Rotating Header Image

thalia kehoe rowden: does preaching count?

Can preaching be a spiritual discipline that helps our growth as much as our congregations’? Sure – this has been a theme of recent posts from John and George. Is it enough, or do I also have to do my own separate Bible study to be well-nourished? Now that’s a different question.

When I was exploring faith as a teenager in Palmerston North and Wellington, a daily half-hour ‘Quiet Time’ was the only model of personal devotional life I saw among my mentors and peers. Most of us weren’t very good at it, but it was the gold standard we aspired to.

A few years later, when my pastor, David Smith, preached a series on spirituality drawing on Gary Thomas’ book, Sacred Pathways, a whole new world of connecting to God opened up in front of me.

Thomas argues that people are created to connect to God in different ways, that one size of devotional life doesn’t fit all. Some people find great depth in silent meditation, others in exuberant musical worship or social action. These folks still need to become familiar with the Scriptures, so singing or bush-walking won’t replace the need for Bible study of some sort, but how one person engages in it could look different from their flatmate’s path.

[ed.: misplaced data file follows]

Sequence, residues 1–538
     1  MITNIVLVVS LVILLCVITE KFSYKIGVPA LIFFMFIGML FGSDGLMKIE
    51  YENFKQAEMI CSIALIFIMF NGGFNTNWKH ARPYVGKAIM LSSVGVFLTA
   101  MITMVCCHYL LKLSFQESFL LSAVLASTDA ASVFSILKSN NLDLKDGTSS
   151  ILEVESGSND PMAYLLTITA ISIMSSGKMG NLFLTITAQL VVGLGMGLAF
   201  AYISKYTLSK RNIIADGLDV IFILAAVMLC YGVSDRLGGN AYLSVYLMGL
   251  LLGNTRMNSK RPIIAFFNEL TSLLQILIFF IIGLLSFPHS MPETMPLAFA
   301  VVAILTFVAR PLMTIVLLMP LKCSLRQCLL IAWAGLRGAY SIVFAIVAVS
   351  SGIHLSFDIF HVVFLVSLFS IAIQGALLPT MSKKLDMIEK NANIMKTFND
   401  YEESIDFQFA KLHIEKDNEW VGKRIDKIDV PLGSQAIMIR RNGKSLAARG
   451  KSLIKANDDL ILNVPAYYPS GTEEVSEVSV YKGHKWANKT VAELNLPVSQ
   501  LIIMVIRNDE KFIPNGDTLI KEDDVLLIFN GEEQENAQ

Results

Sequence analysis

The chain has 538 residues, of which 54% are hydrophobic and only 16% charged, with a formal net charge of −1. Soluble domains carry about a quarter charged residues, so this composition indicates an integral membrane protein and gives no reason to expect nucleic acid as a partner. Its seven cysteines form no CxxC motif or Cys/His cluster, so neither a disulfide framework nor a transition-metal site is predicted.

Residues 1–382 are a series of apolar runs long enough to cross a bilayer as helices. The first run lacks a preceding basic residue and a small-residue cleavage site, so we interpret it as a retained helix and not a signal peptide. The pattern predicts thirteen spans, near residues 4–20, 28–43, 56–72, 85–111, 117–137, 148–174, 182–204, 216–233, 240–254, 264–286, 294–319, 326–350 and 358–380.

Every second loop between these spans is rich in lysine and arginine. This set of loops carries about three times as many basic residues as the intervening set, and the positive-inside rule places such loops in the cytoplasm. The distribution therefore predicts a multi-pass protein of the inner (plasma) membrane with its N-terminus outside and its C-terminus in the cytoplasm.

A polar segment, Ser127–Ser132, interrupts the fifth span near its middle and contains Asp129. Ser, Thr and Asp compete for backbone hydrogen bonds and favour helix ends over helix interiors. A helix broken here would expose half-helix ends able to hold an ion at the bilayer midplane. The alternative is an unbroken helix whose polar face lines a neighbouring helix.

What if I connect to God best through intellectual engagement with theology and Biblical study, and preparing to preach each week lights my personal devotional fire as well as being part of my role in my community?

I suggest it’s legalistic and confining to say that in this case, the Bible study and prayer involved in preparing sermons doesn’t ‘count’ as personal spirituality, because I’m being paid to do it for another purpose. And yet that’s the message that was shouted in capital letters when I was growing up.

For some people, preaching is a rich discipline, but not one that satisfies their need for connection with God. They also need to paint or walk a labyrinth or pray the Scriptures.

But what if preaching is exactly what I need to do to feed my soul, hear from God, learn and grow – at least this week, or in this season? Does it count? Am I being spiritual enough?

* * *

Thalia Kehoe Rowden is an awesome parallel parker and the pastor of New Plymouth West Baptist Church, a place of shelter, faith and laughter.

5 Comments

  1. Geoff says: